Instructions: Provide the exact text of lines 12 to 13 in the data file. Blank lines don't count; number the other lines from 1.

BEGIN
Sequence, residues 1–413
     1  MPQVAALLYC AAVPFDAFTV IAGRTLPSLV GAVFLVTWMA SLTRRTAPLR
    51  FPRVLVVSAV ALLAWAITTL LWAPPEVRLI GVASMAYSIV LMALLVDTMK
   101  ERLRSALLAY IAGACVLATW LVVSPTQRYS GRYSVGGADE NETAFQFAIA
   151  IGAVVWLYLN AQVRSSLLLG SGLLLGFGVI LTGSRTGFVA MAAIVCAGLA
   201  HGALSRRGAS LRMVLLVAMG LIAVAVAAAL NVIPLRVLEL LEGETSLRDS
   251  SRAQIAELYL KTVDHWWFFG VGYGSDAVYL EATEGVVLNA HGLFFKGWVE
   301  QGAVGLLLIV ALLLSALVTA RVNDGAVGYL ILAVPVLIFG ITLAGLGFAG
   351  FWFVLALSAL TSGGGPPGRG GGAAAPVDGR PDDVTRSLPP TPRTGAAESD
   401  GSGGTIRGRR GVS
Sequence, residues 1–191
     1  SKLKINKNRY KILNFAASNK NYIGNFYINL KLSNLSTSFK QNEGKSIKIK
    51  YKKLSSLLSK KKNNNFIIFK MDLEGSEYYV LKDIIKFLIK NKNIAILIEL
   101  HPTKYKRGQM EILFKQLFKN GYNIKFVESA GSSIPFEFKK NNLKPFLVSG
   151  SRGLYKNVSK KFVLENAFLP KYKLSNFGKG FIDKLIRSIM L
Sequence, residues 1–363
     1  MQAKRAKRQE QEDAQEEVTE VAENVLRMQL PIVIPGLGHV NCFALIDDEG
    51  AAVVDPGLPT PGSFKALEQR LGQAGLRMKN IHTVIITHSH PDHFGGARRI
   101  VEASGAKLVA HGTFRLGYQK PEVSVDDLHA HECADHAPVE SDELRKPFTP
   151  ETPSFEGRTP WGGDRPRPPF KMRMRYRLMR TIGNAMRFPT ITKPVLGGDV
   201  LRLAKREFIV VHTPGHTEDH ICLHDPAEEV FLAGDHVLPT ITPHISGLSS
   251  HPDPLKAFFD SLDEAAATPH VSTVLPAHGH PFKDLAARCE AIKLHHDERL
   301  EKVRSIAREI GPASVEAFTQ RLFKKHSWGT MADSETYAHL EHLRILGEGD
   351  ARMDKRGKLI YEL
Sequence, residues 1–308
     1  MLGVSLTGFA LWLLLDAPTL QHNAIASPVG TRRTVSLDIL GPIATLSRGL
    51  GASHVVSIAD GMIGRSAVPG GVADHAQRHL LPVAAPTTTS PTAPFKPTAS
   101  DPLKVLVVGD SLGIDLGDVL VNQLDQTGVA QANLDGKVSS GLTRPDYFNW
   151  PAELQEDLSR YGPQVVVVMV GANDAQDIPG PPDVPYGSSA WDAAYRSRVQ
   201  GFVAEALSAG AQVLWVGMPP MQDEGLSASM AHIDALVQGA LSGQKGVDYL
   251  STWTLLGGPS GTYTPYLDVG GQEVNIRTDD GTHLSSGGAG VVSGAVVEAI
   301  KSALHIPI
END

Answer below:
     1  SKLKINKNRY KILNFAASNK NYIGNFYINL KLSNLSTSFK QNEGKSIKIK
    51  YKKLSSLLSK KKNNNFIIFK MDLEGSEYYV LKDIIKFLIK NKNIAILIEL